ESPN recently polled 600 people to find out the answer to the most elusive question in sports: Who's better, LeBron or MJ? On the heels of "The Last Dance," Michael Jordan won in a landslide.
Jordan won all 17 questions asked, and was favored by a 4-to-1 margin by the 35+ age group, and 2-to-1 by the 18-34 age group.
Wait, that can't be right, can it?
76% of people favor MJ to hit the game-winning shot? LeBron has more in his career.
73% believe MJ is the better overall player? LeBron averages two more rebounds and five more assists than MJ in his career.
65% believe MJ would be better to have a drink with? The guy who punched Steve Kerr in the face, bullied Scottie Burrell, and was known for spitting on his food so he wouldn't have to share it with anyone?
59% believe MJ was a better passer? Is that a joke?
These answers aren't based on logic. I'd never expect them to be. Like any election result, they're based on rhetoric, storytelling and brand. MJ was, of course, just hyped up in a masterful 5-week, 10-part series that helped us work through a dearth of live sports. But, "The Last Dance" reminded me of something other than Jordan's god-like commitment and performance: His brand-discipline.
Think about what Jordan didn't do when LeBron forced his name into GOAT conversation. He didn't donate to a charitable cause, he didn't do a round of media appearances, he didn't back a social cause, and he didn't talk about how he likes to vote. Those are 2020's quick shots in the arm for public perception, and relevance. LeBron leans on many of them.
When LeBron came back from down 3-1 in the Finals against the Golden State Warriors, Michael Jordan went back to Ol' Reliable: His six rings, compared to LeBron's three. His focus, compared to LeBron's distraction. His obsession, compared to LeBron's obsession to be "more than an athlete." MJ approved ESPN's making of "The Last Dance" the same day LeBron was celebrating his 2016 championship, surely because the obsession to be on top still drives him.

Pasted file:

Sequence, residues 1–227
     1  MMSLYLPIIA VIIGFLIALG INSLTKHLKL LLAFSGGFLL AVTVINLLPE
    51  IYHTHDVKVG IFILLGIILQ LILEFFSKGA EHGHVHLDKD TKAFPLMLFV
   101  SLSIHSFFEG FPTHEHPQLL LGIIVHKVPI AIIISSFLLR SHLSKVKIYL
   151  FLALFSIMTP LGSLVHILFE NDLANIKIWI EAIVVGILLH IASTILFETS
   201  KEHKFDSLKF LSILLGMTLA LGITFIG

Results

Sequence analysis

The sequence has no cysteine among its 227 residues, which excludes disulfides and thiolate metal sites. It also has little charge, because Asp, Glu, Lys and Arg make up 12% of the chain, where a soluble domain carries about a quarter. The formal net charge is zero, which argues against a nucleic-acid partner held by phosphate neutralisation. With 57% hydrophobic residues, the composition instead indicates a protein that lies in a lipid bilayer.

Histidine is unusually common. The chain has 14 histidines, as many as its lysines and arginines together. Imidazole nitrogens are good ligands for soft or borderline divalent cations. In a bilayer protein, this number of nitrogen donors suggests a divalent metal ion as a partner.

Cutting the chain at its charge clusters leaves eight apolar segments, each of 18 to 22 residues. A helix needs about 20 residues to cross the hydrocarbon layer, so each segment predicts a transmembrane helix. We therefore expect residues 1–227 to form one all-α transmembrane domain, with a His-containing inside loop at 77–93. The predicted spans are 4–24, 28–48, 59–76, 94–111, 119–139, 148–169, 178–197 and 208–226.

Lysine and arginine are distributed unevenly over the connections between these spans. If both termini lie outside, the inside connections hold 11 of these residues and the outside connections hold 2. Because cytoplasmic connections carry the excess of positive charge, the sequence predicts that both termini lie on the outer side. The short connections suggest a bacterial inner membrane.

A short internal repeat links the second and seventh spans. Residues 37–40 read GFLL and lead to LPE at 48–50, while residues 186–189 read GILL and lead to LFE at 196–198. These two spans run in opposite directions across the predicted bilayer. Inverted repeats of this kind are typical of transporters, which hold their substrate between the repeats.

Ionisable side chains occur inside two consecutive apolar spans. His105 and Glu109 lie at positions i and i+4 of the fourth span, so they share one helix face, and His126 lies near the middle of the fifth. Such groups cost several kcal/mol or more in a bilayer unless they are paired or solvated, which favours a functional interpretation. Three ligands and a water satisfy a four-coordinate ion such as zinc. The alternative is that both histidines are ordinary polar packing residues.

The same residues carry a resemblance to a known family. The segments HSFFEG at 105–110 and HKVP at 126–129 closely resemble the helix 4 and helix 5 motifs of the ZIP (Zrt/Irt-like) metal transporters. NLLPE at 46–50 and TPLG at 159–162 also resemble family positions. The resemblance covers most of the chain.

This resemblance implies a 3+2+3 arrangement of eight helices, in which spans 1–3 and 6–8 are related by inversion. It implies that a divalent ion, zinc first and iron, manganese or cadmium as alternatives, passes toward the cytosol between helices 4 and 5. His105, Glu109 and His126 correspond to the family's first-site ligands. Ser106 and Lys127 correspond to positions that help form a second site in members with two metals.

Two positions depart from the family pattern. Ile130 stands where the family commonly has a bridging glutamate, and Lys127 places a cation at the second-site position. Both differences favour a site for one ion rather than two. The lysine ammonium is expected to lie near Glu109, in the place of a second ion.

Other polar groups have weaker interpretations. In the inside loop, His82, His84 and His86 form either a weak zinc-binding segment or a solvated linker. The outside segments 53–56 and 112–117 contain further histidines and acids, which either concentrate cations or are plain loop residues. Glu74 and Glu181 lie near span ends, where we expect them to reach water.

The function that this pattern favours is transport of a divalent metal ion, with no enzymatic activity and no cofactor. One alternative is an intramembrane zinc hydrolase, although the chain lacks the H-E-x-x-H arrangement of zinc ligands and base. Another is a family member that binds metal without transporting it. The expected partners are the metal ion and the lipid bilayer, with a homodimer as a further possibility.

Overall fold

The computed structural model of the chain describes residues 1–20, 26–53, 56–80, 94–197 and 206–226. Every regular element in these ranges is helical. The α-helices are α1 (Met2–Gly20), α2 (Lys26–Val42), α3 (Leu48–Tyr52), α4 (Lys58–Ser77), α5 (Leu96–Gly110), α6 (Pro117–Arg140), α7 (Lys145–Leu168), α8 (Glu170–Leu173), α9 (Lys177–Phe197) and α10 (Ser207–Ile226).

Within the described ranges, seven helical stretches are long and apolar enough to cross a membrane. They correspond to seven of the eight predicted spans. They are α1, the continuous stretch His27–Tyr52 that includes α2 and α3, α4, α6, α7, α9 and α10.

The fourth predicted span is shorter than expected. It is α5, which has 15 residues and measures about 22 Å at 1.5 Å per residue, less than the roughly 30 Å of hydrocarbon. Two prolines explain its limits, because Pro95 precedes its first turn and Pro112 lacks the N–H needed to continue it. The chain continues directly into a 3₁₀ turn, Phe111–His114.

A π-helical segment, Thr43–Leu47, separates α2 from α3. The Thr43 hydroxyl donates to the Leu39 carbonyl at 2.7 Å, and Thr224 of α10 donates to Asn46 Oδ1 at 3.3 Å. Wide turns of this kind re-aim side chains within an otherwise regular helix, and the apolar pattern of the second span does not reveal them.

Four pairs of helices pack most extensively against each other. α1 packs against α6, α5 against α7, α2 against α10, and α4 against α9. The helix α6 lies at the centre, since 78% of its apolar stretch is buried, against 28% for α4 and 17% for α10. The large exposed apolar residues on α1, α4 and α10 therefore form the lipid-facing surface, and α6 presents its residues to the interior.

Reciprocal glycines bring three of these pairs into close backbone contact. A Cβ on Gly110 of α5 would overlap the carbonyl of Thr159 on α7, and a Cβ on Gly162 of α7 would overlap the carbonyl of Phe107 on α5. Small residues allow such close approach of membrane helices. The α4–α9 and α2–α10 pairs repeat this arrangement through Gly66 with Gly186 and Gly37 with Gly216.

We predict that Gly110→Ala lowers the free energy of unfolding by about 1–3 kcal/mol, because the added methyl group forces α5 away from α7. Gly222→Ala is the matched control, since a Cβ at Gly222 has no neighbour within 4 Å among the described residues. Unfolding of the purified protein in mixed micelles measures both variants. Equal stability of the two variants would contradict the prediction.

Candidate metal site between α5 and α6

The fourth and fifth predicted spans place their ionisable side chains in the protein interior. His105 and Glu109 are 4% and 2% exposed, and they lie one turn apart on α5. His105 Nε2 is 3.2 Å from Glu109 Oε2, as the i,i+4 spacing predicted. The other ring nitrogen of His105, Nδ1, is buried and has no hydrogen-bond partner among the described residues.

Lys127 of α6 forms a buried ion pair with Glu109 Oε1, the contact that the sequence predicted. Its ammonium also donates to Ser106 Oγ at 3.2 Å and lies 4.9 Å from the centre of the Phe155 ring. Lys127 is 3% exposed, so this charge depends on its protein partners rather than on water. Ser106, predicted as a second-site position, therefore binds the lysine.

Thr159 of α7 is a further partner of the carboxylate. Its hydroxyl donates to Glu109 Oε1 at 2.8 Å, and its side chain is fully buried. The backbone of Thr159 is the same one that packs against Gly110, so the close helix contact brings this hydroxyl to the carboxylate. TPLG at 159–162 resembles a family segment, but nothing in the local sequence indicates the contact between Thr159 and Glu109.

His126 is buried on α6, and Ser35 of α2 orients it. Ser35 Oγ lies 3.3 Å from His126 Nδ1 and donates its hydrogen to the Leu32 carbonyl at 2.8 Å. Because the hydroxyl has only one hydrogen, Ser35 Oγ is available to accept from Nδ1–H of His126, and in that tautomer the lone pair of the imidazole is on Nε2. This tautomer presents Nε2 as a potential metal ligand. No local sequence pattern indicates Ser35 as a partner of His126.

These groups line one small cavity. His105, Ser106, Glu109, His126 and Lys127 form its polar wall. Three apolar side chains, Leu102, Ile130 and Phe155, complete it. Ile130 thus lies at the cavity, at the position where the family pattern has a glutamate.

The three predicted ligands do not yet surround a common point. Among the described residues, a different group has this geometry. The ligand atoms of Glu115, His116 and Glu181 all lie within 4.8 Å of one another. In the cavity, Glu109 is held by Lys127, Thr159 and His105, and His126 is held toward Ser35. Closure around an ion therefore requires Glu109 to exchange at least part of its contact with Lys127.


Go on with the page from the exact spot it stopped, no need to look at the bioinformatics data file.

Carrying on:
And for that, America has rewarded Jordan with the crown. In total, 73% of NBA fans prefer His Airness, according to ESPN. We don't really think he's a better passer, teammate or friend than LeBron. We just have no reason not to love Jordan. He's too disciplined for that. Does Jordan vote? Maybe, but we'll never know who for. Does Jordan donate? Surely, but to who? What's Jordan's family life like? Not sure. Does he even "like" anything on social media? Nope. That isn't by accident. That's brand-discipline. Remember, "republicans buy sneakers too."
Maybe LeBron's causes and side projects mean more to him than being remembered as the greatest. I wouldn't doubt that. He seems like he truly cares. Maybe basketball's just not stimulating enough for LeBron. He has the world at his fingertips, and a knack for being unsatisfied. Maybe he enjoys the instant gratification and acceptance that comes - from one side at least - with sharing political leanings.
That's all fine and well, but Americans have a knack for being offended - by, like, anything. Left, right, or center, every word a public figure speaks is another chance for me to be outraged!
LeBron's willing to be told to "shut up and dribble." Jordan's not. Most of us make a similar choice, between office-politics and honesty. Willing to shut up and kiss a little ass? You'll go a long way in this world. I'm still not sure who gets the last laugh in the end. For now, Jordan can rest on the throne, on the heels of "The Last Dance."